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Explosive art: Photographer gives life to modern chaos

Dream or nightmare?That's the question some might be left asking after looking at French photographer Cerise Doucède's surrealist art projects "Égarements" ("bewilderment") and "Quotidien" ("everyday"), which show objects suspended in air amidst normal household scenes.The artist says the mesmerizing images are meant to convey the mundane chaos of modern life, and the detached, expressionless
Courtesy Cerise Doucede / Today
'What inspires me [in my pictures] is people,\" said 26-year-old French photographer Cerise Doucede of her art projects \"Égarements\" and \"Quotidien.\"
'What inspires me [in my pictures] is people,\" said 26-year-old French photographer Cerise Doucede of her art projects \"Égarements\" and \"Quotidien.\"Courtesy Cerise Doucede / Today

Dream or nightmare?

That's the question some might be left asking after looking at French photographer Cerise Doucède's surrealist art projects "Égarements" ("bewilderment") and "Quotidien" ("everyday"), which show objects suspended in air amidst normal household scenes.

The artist says the mesmerizing images are meant to convey the mundane chaos of modern life, and the detached, expressionless ways we often respond to our complex environments. "I show a varied range of small daily hallucinations, where the characters are set in surroundings [in which] objects fly, collide and gather, creating brief moments of confusion between reality and fiction," Doucède, 26, told TODAY.com.

She spends roughly three days staging each image, for which she blurs the line between fantasy and reality with numerous items - including bagels, toys cars or even ceramic plates – hanging from thin strings, which are meant to be visible. "Otherwise it's just a fictional or fantastical photo and I didn't want that,” Doucède explained to My Modern Met.

But the most difficult aspect isn't even preparing the scenes – it's dismantling them. "The hardest part is just after the photo, when you have to undo everything," she said. "I spent so much time preparing to get everything that when it was finished, I felt some frustration."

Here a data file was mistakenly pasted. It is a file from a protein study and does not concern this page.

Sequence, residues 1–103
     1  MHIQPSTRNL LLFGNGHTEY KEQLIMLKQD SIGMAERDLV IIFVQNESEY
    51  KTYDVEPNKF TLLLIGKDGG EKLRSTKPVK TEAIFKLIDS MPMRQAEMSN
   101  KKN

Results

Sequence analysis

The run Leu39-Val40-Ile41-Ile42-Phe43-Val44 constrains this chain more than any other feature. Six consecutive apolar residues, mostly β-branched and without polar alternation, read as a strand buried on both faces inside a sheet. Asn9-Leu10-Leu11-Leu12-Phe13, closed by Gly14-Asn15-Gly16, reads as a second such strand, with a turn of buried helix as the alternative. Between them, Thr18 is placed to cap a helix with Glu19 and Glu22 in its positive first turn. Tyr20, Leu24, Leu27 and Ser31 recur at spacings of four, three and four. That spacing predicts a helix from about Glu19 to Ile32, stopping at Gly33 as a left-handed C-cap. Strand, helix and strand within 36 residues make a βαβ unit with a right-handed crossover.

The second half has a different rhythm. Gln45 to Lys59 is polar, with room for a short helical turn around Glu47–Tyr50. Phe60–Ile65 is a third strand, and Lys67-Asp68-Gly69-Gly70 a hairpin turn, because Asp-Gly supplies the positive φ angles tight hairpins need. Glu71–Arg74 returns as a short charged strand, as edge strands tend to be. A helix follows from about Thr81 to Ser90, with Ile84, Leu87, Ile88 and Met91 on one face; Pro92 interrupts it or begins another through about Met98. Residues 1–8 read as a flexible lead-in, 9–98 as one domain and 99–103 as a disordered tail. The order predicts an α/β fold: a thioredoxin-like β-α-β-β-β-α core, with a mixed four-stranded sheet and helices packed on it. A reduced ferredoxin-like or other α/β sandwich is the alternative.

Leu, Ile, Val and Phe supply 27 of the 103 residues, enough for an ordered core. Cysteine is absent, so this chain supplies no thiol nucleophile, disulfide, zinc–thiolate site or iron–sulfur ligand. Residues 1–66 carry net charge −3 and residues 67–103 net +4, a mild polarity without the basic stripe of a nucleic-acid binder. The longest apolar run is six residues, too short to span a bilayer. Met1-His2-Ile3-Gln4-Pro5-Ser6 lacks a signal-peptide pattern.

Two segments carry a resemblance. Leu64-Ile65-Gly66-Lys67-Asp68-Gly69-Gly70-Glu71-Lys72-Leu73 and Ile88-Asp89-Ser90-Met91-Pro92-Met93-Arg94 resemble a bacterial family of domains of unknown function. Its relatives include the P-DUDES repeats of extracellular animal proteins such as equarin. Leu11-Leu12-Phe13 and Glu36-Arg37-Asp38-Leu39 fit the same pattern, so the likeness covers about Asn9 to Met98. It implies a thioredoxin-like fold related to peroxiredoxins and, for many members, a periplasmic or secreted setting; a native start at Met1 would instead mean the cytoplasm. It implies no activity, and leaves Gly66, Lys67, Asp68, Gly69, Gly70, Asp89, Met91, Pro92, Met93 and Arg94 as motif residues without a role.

The artist says this image is her favorite.
The artist says this image is her favorite.Courtesy Cerise Doucede / Today

As for her favorite photo from the series? It's the one featuring a blank-faced, elderly woman in a kitchen, surrounded by an explosion of apples. "The other [images] give me the impression of having seen too much, but not this one," she told TODAY.com "I don't know why."

Take a look:

The artist blurs the line between fact and fantasy in these images.
The artist blurs the line between fact and fantasy in these images.Courtesy Cerise Doucede / Today
She hangs the objects from thin strings that she intends to be visible to the viewer: 'Otherwise it's just a fictional or fantastical photo and I didn't want that,' she told MyModernMet.
She hangs the objects from thin strings that she intends to be visible to the viewer: 'Otherwise it's just a fictional or fantastical photo and I didn't want that,' she told MyModernMet.Courtesy Cerise Doucede / Today
She uses props like bagels, toy cars and even ceramic plates to achieve the striking visuals.
She uses props like bagels, toy cars and even ceramic plates to achieve the striking visuals.Courtesy Cerise Doucede / Today
Courtesy Cerise Doucede / Today
Courtesy Cerise Doucede / Today
Courtesy Cerise Doucede / Today
Courtesy Cerise Doucede / Today
Courtesy Cerise Doucede / Today
Courtesy Cerise Doucede / Today

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